the spectrally averaging model JURASSIC and the line-by-line model

KOPRA. Journal of Quantitative Spectroscopy and Radiative Transfer, 127,

102-118.

 

Griessbach, S., Hoffmann, L., Spang, R., and Riese, M.: Volcanic ash

detection with infrared limb sounding: MIPAS observations and radiative

transfer simulations, Atmos. Meas. Tech., 7, 1487-1507,

https://doi.org/10.5194/amt-7-1487-2014, 2014.

 

p16, l19-36: Another approach to set detection thresholds might be to

conduct a statistical analysis of a long-term record of observations,

considering the ash detections as "outliers" in the record?

 

This is a very good point and we have added a sentence and included a new reference.

p23, l17: I got a bit confused about this notation "T_11 - - T_12". Does

this mean "T_11 + T_12"?

 

Corrected.  This was supposed to be a minus sign.

 

Fig. 13: The stereoscopic view is quite difficult to get. I didn't

manage, I am afraid. However, I like the idea of presenting it.

 

It is not always possible to get the stereoscopic effect but our study and the papers quoted show some promise.

 

p24, l28: Does the discrimination between volcanic ash and desert dust

also pose a challenge for this scheme?

 

No.  Dust is still a problem.  We have added a sentence to indicate this.

 

p29, l30: It seems there is a quite a lot of potential for applying

Lagrangian transport simulations in order to investigate the

formation/conversion from ash to `volcanic ice'? Perhaps this could be

pointed out more clearly?

 

Thanks.  We have added a new sentence and several references, including the reference suggested.

 

p32, l27: Wu et al. (2017) performed a comprehensive analyses of the

atmospheric transport processes associated with the Sarychev eruption

using satellite observations and Lagrangian transport simulations.

 

Paper now cited and a short sentence added.

 

Wu, X., Griessbach, S., and Hoffmann, L.: Equatorward dispersion of a

high-latitude volcanic plume and its relation to the Asian summer

monsoon: a case study of the Sarychev eruption in 2009, Atmos. Chem.

Phys., 17, 13439-13455, https://doi.org/10.5194/acp-17-13439-2017, 2017.

 

p37, l5: Although the focus of this review is on nadir sounding

observations, it might be good to refer also to the potential of limb

sounding observations (e.g., Griessbach et al., 2013, 2014) for

completeness.

 

This is true and we should have included something on this.  To rectify the omission we have added a paragraph in the Conclusions and also referred to active sensing.  It is not possible to do justice to these topics without greatly expanding the paper.

 

 

 

 

 

Technical corrections

 

p5, l26-27: fix sentence "Suffice to say..."

 

Fixed.

 

p7, l33: fix reference to Rodgers (2000)

 

Proper citation used.

 

p15, l6: < 63 µ_m_

 

Change to µm.

 

p17, l29: views of a point__

 

Changed to “points”

 

p21, l44: fix "the the"

 

Deleted “the”.

 

p23, l11: fix "slghtly"

 

Spelling corrected.

 

p24, l39: isolated subsection title 5.5.1 maybe not needed?

 

Removed.

 

p28, l21: multiple tests __ failed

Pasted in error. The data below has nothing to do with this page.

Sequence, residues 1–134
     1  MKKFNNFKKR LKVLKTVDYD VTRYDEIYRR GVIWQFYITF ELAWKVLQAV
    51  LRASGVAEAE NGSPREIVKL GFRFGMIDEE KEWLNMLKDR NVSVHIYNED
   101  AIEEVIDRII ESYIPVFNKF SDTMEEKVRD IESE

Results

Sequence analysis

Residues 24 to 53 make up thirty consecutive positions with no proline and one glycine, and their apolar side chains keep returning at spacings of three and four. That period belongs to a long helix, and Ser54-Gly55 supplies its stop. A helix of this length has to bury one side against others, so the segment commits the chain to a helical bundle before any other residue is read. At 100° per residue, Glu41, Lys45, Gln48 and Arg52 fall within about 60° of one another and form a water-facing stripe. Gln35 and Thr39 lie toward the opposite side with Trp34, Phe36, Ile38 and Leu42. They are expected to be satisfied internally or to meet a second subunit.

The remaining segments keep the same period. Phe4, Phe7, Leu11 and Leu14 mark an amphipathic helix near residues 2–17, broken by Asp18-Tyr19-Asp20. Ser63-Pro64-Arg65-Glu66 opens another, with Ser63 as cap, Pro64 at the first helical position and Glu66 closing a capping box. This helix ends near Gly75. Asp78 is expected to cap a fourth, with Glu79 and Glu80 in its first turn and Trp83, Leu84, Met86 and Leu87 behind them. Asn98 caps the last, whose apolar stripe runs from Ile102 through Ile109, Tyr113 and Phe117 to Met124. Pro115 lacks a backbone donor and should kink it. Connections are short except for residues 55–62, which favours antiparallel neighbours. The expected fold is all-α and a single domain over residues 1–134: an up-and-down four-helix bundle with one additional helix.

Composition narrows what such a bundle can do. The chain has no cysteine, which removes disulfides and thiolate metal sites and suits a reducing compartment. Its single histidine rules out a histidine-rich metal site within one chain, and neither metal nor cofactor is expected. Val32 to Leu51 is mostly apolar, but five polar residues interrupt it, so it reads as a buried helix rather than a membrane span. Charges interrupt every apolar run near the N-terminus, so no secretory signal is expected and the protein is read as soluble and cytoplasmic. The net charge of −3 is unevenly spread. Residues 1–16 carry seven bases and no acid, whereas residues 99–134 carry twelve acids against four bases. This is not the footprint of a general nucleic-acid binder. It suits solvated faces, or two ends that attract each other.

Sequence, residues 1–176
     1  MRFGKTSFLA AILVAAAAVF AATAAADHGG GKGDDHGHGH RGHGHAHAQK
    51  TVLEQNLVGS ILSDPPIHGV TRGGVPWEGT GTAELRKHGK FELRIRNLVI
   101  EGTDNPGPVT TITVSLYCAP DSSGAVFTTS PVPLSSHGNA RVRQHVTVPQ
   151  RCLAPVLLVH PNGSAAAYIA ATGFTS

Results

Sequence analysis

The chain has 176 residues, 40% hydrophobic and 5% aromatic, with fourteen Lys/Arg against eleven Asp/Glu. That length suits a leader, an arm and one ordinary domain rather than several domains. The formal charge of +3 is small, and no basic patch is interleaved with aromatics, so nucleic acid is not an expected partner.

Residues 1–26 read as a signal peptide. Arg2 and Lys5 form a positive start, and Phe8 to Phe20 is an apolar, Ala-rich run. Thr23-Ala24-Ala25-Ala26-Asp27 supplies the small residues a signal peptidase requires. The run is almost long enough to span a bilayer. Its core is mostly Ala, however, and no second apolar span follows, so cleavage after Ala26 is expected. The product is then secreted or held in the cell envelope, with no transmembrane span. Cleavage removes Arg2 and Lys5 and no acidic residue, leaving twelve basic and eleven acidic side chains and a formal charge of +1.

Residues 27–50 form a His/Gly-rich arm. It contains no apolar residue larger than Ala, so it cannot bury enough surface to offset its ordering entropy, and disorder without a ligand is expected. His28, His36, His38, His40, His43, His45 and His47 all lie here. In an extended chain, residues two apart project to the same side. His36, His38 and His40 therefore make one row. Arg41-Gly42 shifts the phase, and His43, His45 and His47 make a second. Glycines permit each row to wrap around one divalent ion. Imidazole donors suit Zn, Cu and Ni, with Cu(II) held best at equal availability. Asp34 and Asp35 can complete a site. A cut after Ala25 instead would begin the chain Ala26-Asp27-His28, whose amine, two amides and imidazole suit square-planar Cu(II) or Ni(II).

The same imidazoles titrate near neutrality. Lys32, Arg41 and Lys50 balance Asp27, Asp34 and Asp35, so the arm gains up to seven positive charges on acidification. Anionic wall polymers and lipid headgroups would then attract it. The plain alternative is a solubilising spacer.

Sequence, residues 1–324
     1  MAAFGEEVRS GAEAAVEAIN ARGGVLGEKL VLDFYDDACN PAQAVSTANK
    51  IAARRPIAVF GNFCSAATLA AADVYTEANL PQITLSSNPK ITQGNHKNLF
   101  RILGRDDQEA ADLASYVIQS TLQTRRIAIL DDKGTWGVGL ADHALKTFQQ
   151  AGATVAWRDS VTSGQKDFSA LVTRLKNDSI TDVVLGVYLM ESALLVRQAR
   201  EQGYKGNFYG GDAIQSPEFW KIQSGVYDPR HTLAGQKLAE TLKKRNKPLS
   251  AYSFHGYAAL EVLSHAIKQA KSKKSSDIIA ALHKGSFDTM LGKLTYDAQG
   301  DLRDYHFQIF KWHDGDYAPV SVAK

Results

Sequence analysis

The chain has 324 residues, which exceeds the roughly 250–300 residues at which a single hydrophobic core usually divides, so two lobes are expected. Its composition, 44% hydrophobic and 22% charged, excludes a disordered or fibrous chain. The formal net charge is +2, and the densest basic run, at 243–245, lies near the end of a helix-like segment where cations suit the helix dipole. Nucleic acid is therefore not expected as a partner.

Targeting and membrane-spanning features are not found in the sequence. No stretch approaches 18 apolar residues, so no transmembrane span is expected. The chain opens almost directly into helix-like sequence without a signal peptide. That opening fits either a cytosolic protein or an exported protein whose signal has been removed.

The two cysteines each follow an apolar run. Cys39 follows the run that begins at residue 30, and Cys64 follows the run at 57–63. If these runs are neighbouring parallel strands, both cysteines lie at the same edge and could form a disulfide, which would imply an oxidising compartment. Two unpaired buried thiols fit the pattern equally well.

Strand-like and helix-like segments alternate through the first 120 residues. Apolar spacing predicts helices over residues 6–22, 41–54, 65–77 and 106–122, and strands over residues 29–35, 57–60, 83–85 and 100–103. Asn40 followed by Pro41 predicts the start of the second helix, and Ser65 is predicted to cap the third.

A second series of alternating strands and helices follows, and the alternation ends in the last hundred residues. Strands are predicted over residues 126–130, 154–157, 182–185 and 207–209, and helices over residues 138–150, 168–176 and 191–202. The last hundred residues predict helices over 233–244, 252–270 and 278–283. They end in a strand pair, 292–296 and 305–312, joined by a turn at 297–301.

Corrected.

 

p30, l16: moist environment _and_ was (?)

 

Grammar corrected.

 

p34, l7: fix "SO2_2"

 

Deleted first “2”

 

p35, l40: was also discussed _and_ the cloud identification

 

Grammar corrected.

 

p35, l43: fix "setereoscopic"

 

Spelling changed to “stereoscopic”

 

---------------------------------------------------------------------------------------------------

 

Dr Fred Prata and Prof. Mervyn Lynch

 

24 March 2019.


Reviewer 2 Report

This is an excellent review paper, that is a model of clarity. It presents an accessible and critical account of the approaches used for Earth Observation of volcanic clouds (in the most general sense), and does an excellent job of both explaining the current state of the art, and identifying knowledge gaps and new opportunities for research. It is written economically, and is in very good shape. The only suggestion, for completeness, that I would encourage the authors to consider would be to cite data sources in the captions to tables and figures (it may well be that the data sources are already cited elsewhere in the text, in most cases). 

Author Response

This is an excellent review paper, that is a model of clarity. It

presents an accessible and critical account of the approaches used for

Earth Observation of volcanic clouds (in the most general sense), and

does an excellent job of both explaining the current state of the art,

and identifying knowledge gaps and new opportunities for research. It is

written economically, and is in very good shape. The only suggestion,

for completeness, that I would encourage the authors to consider would

be to cite data sources in the captions to tables and figures (it may

well be that the data sources are already cited elsewhere in the text,

in most cases).

 

 

Thank you for the comments.  It was remiss of us not to cite the data sources.  Rather than add these to every Figure and Table (where needed) we have included an acknowledgement to all of the relevant data providers.  We have also acknowledged the HYSPLIT model provider and the two anonymous referees.